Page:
The young 22-year-old king wants to show Europe that he is the most powerful and aware of new developments and technologies. This is how in 1516, at the request of the monarch, Leonardo joined France to become first painter, engineer and architect to the King of France. Leonardo completed Mona Lisa at Clos Lucé and sold the painting to François I for the royal collections. This is also when the contemporary art market was created; previously, contemporary works were commissions and were almost never resold.

Great operation for France because, out of around fifteen paintings whose paternity by Leonardo is certain, 6 are in France! What a good investment and one that still pays off.

Why Mona Lisa is the world's first NFT?

Let's make a comparison:

  • The image is immediately identifiable, like NFTs, and is known even to those who have never been to the Louvre.
  • Its creator mastered both the brush and new technologies.
  • The owner ? We don't really know who it is and we don't care, since we have access to the work. Only one owner has a deed of ownership. It's the Louvre or, more precisely, France, that's a very strange notion. Today we could speak of “investment funds”.
  • Only one owner but the work is accessible to all. Like an NFT.
  • Who could set the price if it were put up for sale: the buyer .
  • It could even be sold and not move from the Louvre .

What if NFTs offered a true and total democratization of art, total sharing, going even further than the Mona Lisa.

Let me explain, let's always keep our dear Mona Lisa in mind.

  • Free access
    • NFT art can be viewed by everyone on the web via distribution platforms such as S upeRare, Opensea, Nifty Gateway . While the Louvre has a fee.
  • Timelessness
    • There is no access time. No closing days, unlike the museum.
  • Globalization
    • wherever you are on the planet, all you need is an internet connection. No need to travel.
  • Quality of the work consistent with its creation
    • The work was designed on a screen and it is visible through the glass of a screen, yes, behind a glass, like Mona Lisa.
  • Unlimited Imaginary Museum
    • To create our NFT collection for free, all you need to do is collect our favorite images or videos, you don't even need to hold the certificate. The images are free to access.
  • Market transparency
    • All transaction history appears on platforms, dates, prices, acquirers. Artists are thus informed of all transactions and receive royalties on each.

So, isn’t this the advent of art for all? It is easier and cheaper today to have a smartphone or a computer than to come to the Louvre.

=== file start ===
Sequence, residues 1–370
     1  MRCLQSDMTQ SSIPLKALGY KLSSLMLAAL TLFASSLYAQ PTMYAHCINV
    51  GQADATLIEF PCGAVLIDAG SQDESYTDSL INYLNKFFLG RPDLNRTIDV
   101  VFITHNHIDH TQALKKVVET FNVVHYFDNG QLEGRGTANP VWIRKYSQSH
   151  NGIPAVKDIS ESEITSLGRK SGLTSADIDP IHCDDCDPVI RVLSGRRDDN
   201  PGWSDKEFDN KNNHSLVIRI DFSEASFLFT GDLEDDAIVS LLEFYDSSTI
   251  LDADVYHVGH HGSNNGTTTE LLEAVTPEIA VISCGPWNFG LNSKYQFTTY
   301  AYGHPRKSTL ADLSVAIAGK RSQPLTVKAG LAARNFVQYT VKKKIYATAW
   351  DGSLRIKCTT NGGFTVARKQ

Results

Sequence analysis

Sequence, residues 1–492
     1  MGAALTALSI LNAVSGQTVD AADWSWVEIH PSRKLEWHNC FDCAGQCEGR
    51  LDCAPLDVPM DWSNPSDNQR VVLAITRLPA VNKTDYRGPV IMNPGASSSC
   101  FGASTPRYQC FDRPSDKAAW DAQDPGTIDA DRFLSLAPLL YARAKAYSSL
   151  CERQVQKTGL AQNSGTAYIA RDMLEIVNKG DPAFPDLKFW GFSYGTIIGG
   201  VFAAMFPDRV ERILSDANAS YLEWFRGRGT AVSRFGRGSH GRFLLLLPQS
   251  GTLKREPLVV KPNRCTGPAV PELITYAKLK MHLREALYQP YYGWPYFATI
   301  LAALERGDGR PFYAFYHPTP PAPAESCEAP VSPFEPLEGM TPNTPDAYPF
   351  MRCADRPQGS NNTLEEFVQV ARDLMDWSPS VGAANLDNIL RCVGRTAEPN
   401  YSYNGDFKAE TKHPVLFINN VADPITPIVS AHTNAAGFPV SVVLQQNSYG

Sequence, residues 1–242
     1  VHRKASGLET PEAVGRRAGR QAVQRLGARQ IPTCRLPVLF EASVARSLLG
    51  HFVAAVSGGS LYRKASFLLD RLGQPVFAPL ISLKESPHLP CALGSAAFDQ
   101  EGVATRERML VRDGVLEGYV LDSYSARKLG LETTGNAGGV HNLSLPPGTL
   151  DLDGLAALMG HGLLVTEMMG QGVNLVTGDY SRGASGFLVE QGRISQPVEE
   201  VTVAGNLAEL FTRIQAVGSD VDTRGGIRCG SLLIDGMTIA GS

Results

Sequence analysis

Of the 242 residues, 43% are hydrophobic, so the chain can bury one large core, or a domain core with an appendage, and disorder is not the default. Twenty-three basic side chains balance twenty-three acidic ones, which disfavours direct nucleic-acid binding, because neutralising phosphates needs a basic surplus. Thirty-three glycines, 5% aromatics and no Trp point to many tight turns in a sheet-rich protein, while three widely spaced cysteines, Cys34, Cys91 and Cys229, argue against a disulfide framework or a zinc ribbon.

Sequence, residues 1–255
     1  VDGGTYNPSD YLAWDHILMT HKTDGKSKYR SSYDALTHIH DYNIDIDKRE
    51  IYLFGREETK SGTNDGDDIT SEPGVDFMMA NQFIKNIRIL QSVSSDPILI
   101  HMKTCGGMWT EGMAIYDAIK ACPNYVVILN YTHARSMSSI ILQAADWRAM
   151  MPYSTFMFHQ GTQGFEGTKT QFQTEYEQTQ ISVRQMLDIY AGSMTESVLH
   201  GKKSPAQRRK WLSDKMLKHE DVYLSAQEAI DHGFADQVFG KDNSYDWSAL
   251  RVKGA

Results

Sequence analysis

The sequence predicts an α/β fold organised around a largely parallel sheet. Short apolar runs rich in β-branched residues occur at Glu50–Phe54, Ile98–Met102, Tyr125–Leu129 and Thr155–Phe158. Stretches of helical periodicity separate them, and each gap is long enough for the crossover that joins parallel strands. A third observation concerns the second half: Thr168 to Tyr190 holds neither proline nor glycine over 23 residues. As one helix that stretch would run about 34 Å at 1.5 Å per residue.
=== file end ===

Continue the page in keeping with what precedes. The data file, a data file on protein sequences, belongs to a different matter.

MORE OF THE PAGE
Art now represents 20% of NFTs.

However, will NFTs push aside more conventional art? The one that I could describe as materialized?

The history of art, as I said, has several paths, one not excluding the other. I give you an example.

1914 : Claude Monet paints one of the monuments of the history of Art, the Water Lilies . Eight panels two meters high for a length of 91 meters. They are thus exhibited at the Orangerie, in the Tuileries in Paris, in two oval rooms to symbolize the sign of infinity.

It was that same year, 1914 , that Marcel Duchamp 's work " Le Porte vins " was created. This work is considered the first Ready Made, since it is an ordinary object purchased by the artist at the City Hall Bazaar.

We can clearly see that Art History has various components that coexist perfectly. Les Nymphéas and Le Porte Bouteilles, both from 1914, are essentials in the history of Art.

Today paintings, sculptures, drawings, installations and NFTs have their place in the history of Art.

Some, like Aki Kuroda, sublimate painting,

And yet he knew how, from 2000, to create digital exhibitions. None of this ever materially existed .

New Artists

A new generation of artists is emerging via NFTs. The visual variety of creations is incredible and the subjects endless, Manga, science fiction, ecology, hyperrealism, poetry and animated images

Among these new artists, more than thirty of them have already acquired immense notoriety, including:

CryptoPunk - Hackatao - Android Jones - Mark Inducil and of course Beeple

You see, the expressions, the styles are rich in variety.

Should we own art or is it enough to have access to it?

Today technology allows us not to choose. Let's have works on our walls and works on our computers.

It's fascinating, or should I say it fascinates me and admit:

In Art, as in life, anything that doesn't excite me bores me!